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Better data is becoming available on economic activity within countries, often much exceeding the available information of economic activity across countries. This creates new research opportunities for testing economic theory, analyzing market structures and the sources of market segmentation, and making predictions of how economic shocks propagate across space. The aim of this conference was to bring together researchers from urban economics, industrial organization, health economics, and international trade to study production and trade within and across countries.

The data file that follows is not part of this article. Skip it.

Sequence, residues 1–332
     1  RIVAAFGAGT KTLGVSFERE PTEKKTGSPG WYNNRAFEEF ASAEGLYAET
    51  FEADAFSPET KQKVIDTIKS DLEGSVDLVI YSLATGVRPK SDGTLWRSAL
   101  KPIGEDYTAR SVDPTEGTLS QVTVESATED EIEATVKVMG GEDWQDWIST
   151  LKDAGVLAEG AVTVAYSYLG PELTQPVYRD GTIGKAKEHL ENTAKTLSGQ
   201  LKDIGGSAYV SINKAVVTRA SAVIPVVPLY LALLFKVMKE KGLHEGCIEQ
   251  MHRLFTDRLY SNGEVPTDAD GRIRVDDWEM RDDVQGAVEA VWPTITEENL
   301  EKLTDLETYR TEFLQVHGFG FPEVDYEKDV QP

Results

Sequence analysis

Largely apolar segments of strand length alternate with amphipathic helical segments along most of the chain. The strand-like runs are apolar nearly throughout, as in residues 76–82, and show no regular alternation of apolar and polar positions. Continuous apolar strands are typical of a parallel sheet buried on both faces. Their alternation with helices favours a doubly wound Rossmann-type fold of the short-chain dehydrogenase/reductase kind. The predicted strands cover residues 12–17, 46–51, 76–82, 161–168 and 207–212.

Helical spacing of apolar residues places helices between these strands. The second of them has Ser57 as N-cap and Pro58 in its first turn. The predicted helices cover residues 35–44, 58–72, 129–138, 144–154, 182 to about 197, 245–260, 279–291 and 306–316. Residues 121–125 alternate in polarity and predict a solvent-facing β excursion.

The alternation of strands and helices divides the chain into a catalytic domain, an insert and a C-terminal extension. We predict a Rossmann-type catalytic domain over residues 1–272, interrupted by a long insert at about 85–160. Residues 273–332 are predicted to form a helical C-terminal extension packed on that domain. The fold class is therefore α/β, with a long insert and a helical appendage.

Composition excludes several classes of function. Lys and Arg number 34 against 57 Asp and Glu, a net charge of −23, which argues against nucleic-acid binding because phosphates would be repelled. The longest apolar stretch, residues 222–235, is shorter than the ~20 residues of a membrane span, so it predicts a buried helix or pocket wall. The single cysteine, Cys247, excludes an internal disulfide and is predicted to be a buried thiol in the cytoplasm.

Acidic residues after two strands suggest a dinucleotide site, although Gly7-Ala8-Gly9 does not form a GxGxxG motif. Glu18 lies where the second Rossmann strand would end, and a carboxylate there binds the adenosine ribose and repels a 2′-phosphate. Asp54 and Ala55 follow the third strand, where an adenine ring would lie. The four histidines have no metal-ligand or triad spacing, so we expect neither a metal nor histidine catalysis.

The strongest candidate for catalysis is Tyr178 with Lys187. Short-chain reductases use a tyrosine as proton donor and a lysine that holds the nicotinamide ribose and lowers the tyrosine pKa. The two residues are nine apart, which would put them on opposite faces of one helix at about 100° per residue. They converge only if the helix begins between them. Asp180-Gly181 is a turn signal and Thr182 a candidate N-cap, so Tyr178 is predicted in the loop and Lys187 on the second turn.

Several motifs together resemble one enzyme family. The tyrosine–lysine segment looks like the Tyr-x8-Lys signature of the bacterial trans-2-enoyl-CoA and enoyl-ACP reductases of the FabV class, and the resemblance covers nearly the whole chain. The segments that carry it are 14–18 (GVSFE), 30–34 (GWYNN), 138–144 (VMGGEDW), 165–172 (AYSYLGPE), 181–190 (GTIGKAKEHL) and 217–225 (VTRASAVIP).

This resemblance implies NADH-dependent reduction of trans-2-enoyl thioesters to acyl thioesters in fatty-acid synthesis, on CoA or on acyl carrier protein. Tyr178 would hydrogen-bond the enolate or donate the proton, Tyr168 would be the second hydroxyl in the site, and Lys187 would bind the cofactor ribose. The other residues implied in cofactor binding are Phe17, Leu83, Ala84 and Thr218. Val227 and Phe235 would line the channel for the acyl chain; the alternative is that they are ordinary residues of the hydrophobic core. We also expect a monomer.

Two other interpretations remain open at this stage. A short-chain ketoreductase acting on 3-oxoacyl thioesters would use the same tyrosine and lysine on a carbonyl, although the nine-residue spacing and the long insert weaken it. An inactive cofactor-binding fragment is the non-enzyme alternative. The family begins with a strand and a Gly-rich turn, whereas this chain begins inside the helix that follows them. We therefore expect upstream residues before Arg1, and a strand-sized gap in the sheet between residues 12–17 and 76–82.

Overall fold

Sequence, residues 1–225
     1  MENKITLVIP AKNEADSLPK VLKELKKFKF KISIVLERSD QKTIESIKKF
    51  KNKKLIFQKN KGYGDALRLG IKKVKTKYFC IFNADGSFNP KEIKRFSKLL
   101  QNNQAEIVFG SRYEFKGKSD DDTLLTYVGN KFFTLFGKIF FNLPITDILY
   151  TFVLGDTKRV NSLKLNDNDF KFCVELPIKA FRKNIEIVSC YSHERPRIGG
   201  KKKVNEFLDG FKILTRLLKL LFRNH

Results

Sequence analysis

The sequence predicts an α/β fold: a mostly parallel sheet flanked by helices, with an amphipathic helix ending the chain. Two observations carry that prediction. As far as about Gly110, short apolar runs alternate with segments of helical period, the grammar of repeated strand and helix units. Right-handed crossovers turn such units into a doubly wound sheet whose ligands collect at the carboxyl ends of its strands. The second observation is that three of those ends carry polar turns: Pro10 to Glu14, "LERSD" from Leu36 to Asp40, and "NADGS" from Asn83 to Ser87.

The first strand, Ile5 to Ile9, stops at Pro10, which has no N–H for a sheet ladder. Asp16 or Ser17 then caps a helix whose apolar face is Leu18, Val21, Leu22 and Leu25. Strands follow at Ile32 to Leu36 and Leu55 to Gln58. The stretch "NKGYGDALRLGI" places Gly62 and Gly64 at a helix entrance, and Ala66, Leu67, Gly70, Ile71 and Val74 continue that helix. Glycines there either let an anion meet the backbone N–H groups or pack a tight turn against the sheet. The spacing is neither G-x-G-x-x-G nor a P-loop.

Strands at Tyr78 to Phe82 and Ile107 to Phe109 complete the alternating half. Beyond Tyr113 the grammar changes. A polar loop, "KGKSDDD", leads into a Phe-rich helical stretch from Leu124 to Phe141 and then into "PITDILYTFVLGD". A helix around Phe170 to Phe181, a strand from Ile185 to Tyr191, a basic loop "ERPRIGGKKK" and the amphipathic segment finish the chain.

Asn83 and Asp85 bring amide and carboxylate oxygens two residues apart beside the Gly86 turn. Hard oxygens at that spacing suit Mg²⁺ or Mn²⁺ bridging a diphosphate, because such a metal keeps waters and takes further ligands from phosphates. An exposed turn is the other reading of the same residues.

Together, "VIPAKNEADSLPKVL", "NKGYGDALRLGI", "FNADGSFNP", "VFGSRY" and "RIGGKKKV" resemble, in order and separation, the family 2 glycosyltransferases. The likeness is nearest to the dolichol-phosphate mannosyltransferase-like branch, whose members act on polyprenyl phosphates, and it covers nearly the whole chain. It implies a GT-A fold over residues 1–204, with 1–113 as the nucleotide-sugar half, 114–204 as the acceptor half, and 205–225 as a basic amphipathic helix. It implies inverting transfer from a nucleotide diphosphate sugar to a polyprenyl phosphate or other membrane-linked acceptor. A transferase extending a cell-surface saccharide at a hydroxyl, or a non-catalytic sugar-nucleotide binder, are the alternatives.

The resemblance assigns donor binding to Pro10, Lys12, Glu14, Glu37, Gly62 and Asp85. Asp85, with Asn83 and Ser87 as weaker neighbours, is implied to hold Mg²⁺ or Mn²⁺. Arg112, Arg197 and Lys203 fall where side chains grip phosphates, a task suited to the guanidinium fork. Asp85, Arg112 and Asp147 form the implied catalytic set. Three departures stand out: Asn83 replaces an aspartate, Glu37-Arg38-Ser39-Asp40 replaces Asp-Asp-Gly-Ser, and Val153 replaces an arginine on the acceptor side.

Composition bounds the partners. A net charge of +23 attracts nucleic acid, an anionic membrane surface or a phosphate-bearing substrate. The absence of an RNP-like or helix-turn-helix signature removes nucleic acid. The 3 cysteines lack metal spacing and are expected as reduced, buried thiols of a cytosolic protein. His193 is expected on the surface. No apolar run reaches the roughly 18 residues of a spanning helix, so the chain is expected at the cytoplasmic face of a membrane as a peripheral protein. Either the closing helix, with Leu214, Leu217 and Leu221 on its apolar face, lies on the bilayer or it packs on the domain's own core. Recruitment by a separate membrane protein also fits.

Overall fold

Friday, April 1, 2016
Who's Getting Globalized? The Size and Implications of Intranational Trade Costs
David Atkin, Massachusetts Institute of Technology
What Drives Nutritional Disparities
Jessie Handbury, Wharton School of the University of Pennsylvania
Optimal City Structure
Costas Arkolakis, Yale University
Subways and Urban Growth: Evidence from Earth
Matthew Turner, Brown University
Commuting, Migration and Local Employment Elasticities
Stephen Redding, Princeton University
Saturday, April 2, 2016
Two-sided Search in International Markets
Yi Xu, Duke University
Heterogeneous Firms and the Micro Origins of Aggregate Fluctuations
Glenn Magerman, University of Leuven
The More We Die, The More We Sell: A Simple Test Of The Home-Market Effect
Arnaaud Costinot, Massachusetts Institute of Technology